Monday, October 11, 2010

Banned Books

I completely missed Banned Books Week (September 25 to October 2, in case you missed it too), but I think it's never too late to speak out about unnecessary censorship. As readers and book bloggers, a large majority of us a vehemently against book banning. Those who promote the banning and burning of books generally have a much smaller viewpoint on life and wish to keep certain topics from being out there and available for kids, and even grown adults, to learn about. My question is - Since the dawn of time, when has sheltering people from unseemly (according to some) topics ever actually helped?

Reasons for book banning stem from prejudices. Or the fear of promoting prejudice. People want books banned because they acknowledge racism and slavery. But those things actually happened. Does not talking about them make it as though they didn't? Should we just sweep every unfortunate thing in the past under the rug or should we embrace both good and bad history in an effort to learn from it?

Some people feel that they know what's best for the rest of us. We shouldn't be allowed to read these books and form our own opinions on the subject matter. Shouldn't I be offended that they believe I'm not intelligent enough to keep my own mind, morals and ideas when confronted with other ideas?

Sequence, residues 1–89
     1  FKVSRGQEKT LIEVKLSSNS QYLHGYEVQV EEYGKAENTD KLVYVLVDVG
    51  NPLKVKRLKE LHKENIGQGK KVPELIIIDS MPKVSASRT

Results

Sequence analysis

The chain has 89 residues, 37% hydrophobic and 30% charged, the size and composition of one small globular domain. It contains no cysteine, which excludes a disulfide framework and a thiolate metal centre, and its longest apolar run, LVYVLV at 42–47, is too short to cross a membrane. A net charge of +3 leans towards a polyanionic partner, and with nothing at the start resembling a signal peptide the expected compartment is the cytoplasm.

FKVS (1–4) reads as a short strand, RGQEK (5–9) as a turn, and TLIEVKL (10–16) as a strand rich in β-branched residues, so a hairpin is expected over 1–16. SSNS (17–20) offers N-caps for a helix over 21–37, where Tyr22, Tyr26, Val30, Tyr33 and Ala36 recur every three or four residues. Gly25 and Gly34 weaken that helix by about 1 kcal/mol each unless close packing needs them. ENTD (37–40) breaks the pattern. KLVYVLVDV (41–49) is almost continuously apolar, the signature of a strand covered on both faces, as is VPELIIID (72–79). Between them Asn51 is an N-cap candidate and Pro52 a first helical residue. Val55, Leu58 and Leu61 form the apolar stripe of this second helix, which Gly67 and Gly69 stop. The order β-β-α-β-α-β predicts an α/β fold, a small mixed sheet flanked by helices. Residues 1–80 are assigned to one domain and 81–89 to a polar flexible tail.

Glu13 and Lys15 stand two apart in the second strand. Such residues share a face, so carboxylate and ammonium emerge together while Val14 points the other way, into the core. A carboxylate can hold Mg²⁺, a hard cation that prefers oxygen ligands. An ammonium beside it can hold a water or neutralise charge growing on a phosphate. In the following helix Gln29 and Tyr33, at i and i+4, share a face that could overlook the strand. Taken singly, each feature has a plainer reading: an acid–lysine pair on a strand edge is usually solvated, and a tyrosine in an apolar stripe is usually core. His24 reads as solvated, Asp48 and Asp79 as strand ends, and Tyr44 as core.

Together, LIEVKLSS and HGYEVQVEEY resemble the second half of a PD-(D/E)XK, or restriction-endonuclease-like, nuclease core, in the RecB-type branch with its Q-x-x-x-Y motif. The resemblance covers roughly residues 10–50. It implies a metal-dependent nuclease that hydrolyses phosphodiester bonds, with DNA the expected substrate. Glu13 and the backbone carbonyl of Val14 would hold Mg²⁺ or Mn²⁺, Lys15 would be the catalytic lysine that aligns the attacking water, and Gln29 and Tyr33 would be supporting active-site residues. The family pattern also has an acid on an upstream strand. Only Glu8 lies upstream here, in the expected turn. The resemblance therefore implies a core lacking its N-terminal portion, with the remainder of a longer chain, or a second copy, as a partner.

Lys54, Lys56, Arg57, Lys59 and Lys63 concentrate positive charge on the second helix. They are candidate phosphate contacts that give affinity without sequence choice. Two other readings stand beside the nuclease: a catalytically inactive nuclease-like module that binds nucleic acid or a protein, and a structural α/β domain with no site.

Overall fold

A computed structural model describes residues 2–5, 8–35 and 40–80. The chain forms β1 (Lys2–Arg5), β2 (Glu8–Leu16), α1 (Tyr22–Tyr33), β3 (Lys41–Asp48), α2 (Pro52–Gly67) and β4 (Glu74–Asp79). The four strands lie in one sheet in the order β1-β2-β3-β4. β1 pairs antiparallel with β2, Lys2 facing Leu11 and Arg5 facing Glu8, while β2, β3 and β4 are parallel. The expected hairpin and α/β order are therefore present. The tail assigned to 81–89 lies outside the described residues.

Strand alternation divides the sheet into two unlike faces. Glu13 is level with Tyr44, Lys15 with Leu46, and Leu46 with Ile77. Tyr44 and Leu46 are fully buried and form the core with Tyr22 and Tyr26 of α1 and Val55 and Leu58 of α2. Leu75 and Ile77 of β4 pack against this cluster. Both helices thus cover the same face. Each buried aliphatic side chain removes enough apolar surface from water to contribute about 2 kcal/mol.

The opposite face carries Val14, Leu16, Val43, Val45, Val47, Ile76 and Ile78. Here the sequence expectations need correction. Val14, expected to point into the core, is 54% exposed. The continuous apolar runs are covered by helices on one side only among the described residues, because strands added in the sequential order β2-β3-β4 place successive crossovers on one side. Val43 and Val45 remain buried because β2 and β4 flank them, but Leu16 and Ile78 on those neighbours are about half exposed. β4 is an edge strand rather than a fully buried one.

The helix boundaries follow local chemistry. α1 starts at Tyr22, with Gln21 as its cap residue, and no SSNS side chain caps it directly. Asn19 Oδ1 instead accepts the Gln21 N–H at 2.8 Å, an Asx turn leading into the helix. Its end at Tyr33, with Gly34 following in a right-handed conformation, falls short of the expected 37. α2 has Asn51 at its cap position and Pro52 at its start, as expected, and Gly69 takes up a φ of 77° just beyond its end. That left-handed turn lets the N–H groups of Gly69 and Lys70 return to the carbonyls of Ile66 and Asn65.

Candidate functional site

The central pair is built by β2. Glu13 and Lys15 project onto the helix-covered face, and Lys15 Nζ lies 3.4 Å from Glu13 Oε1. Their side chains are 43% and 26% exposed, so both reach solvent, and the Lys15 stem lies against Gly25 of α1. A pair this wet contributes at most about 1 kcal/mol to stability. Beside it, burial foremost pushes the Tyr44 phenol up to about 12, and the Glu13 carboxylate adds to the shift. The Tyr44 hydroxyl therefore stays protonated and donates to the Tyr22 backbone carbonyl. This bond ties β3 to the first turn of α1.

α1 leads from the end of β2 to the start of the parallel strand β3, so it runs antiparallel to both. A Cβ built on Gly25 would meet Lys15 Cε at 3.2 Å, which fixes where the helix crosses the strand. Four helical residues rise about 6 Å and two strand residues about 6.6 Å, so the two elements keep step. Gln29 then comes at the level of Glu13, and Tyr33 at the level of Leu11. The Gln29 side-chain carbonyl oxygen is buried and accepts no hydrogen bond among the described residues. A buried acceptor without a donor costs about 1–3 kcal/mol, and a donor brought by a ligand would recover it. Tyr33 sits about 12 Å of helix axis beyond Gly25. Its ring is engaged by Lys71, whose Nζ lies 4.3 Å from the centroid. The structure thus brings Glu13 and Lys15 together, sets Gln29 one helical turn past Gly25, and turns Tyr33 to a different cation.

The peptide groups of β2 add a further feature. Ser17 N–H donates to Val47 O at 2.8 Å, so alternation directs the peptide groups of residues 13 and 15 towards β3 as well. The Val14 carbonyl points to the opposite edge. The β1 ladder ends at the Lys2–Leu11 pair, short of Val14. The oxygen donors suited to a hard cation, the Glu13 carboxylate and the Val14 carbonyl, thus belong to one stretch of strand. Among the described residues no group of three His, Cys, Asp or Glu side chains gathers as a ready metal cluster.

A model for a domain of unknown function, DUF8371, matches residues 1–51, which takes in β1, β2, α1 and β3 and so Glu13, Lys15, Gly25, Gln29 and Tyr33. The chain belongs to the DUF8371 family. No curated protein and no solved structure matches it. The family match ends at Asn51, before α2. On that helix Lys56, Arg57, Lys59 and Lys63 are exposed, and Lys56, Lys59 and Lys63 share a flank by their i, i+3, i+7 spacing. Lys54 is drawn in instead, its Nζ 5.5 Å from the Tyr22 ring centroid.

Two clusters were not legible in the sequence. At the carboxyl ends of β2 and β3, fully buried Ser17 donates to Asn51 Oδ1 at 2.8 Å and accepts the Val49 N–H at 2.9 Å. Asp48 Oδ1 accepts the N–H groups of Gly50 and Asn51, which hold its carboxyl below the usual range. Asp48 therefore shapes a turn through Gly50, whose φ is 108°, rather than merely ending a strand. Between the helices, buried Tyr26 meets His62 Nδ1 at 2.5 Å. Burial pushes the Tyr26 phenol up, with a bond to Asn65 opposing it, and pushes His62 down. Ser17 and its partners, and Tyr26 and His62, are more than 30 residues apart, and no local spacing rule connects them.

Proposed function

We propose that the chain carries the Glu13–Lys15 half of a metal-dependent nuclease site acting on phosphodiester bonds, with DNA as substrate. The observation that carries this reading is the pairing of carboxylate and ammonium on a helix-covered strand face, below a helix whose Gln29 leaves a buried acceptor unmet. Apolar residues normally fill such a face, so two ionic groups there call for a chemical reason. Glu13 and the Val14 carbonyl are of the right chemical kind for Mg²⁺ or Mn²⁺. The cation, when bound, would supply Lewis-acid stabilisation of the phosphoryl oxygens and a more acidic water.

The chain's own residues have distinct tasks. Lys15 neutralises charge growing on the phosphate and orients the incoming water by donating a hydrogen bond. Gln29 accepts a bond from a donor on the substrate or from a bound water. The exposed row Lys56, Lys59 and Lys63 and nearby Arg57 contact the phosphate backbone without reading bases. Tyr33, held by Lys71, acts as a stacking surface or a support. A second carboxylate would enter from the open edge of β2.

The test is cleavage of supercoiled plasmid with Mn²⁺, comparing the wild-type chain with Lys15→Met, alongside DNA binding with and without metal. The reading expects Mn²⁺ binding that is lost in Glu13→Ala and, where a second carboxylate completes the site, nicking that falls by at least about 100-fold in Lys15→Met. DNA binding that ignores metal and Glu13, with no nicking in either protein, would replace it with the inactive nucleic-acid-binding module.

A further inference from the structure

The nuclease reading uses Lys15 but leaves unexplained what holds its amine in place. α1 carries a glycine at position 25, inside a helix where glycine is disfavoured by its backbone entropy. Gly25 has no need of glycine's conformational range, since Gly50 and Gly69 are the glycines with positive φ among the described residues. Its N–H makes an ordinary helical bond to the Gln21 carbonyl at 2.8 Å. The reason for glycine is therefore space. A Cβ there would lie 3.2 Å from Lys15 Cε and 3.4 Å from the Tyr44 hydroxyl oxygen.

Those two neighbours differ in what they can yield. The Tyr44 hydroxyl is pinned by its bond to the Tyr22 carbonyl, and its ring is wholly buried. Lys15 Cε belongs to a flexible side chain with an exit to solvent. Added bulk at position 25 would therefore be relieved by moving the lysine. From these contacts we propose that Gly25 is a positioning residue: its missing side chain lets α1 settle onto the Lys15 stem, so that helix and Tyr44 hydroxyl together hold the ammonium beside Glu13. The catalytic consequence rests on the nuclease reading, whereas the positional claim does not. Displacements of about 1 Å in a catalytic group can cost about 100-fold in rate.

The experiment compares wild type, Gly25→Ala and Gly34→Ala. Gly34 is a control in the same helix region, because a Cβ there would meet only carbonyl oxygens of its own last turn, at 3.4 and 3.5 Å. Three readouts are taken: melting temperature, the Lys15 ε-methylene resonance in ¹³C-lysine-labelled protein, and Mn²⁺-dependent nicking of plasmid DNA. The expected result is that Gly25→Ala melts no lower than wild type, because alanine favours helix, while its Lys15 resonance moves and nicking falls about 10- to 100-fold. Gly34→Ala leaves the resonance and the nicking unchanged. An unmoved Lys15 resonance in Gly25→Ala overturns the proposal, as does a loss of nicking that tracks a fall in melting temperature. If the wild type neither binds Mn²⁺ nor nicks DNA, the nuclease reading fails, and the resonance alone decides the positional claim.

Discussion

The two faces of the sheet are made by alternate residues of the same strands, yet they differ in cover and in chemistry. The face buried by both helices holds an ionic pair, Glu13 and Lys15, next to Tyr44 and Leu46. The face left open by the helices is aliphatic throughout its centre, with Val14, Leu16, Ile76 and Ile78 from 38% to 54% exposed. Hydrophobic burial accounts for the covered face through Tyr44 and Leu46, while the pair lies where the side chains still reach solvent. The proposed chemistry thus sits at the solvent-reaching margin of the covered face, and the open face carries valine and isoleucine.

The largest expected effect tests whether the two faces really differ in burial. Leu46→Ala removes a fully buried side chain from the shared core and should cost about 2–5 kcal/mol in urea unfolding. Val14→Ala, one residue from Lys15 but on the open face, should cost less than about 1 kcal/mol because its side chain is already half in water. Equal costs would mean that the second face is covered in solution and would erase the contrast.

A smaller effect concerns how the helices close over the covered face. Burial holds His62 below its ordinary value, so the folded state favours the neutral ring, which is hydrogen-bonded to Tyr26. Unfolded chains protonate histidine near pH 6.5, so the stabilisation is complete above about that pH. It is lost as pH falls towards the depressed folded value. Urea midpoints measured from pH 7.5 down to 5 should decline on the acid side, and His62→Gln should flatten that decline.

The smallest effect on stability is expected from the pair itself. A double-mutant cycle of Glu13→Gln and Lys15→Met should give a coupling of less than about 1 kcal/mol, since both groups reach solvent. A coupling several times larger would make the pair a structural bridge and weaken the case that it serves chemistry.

Most know that Harry Potter has been banned many times over because the idea of magic undermines religious ideals. I personally think this is ridiculous. Children aren't reading Harry Potter and thinking, "Harry Potter can fly on a broomstick, so therefore my religion is irrelevant." That's the wonderful thing about banning books. The reasons behind the ban are usually so stupid that it actually makes people want to go out, read the book, and see what all the fuss is about.

More insane banning reasons: Homosexuality (because heaven forbid the children think it's okay to fall in love with someone of the same sex), Blasphemy (how, when we are not all one religion, can we unilaterally ban books that disparage certain religious figures?), and Sexuality (luckily, if you don't teach a kid about sex, they'll never, ever learn about it elsewhere).

Have you ever read a book just because it was banned somewhere?

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